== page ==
• bioaccumulation
  • biomarkers
  • water quality
  • environmental pollution and monitoring
  • sea and freshwater species
  • risk assessment and management

Published Papers (1 paper)

Order results
Result details
Select all
Export citation of selected articles as:

Research

19 pages, 1257 KiB  
Article
Determination of PAHs, PAH-Derivatives and Other Concerning Substances in Posidonia oceanica Seagrass and Marine Sediments by High Resolution Mass Spectrometry
by Marina Astudillo-Pascual, Roxana Tudor, Irene Domínguez, Pedro A. Aguilera and Antonia Garrido Frenich
J. Mar. Sci. Eng. 2023, 11(2), 369; https://doi.org/10.3390/jmse11020369 - 7 Feb 2023
Viewed by 1910
Abstract
The Posidonia oceanica decline due to climate change and other anthropogenic pressures, such as chemical pollution, is well known in the scientific community. However, a comprehensive study of the full content of the organic micropollutants found in this significant seagrass has not yet [...] Read more.
The Posidonia oceanica decline due to climate change and other anthropogenic pressures, such as chemical pollution, is well known in the scientific community. However, a comprehensive study of the full content of the organic micropollutants found in this significant seagrass has not yet been carried out. Second, an eco-friendly extraction procedure that does not require a large sample, preserves the seagrass’s ecological integrity and functions, and follows green-chemistry principles, is lacking. These information gaps represent the aims of this study. For this purpose, trials with diverse simple and affordable extraction methods to detect one of the most ubiquitous contaminants (polycyclic aromatic hydrocarbons or PAHs) were conducted. As a result, the use and validation of a polytron homogenizer and an ultrasonic bath were proposed for the extraction of priority PAHs from tissues of P. oceanica and marine sediments, respectively. Tissues (leaves and rhizomes) of P. oceanica and sediment samples were collected, extracted, and subjected to a thorough analysis, i.e., target, suspect, and unknown screenings, using gas chromatography coupled to high resolution mass spectrometry (GC-Q-Orbitrap MS). Target analysis revealed seven priority parent-PAHs, whilst during the suspect screening, four PAH-derivatives and three other parent-PAHs were tentatively identified. In the additional third unknown analysis, 11 structures, several with concerning toxicity, were also tentatively identified. Numerous of the identified compounds showed elevated detection frequency in the environmental samples, even reaching 100%, such as the cases of the parent-PAHs (naphthalene, phenanthrene and retene), some PAH-derivatives, one UV stabilizer, and plastic additives along with pesticides. The methods proposed here should be considered for future monitoring of P. oceanica, as well as the three-way analytic approach (target, suspect and unknown), to obtain a more real and accurate idea of the organic micropollutants content in the environment. Full article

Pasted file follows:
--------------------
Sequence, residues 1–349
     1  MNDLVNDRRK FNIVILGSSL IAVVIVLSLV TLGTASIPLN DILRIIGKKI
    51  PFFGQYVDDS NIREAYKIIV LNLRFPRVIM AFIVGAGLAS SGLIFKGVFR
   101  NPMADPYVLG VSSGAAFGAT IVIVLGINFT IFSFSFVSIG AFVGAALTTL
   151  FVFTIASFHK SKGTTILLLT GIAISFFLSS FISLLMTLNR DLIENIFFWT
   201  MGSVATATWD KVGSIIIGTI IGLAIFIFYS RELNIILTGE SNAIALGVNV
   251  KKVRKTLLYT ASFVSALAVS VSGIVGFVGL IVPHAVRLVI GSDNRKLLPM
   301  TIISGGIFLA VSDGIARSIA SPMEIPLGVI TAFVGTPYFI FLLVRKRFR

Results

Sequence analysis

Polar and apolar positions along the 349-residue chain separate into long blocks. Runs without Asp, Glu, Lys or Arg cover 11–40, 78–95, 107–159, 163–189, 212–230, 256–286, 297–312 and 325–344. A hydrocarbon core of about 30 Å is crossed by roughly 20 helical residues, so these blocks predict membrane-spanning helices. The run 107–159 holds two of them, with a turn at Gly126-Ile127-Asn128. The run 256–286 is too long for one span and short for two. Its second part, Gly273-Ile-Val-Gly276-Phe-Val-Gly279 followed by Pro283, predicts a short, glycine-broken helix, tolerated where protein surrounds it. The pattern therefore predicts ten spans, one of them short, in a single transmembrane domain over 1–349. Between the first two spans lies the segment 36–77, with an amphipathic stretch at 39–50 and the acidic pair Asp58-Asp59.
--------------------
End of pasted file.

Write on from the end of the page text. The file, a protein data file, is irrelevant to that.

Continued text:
(This article belongs to the Special Issue Emerging Pollutants in the Marine Environment)
Show Figures

Graphical abstract

Back to TopTop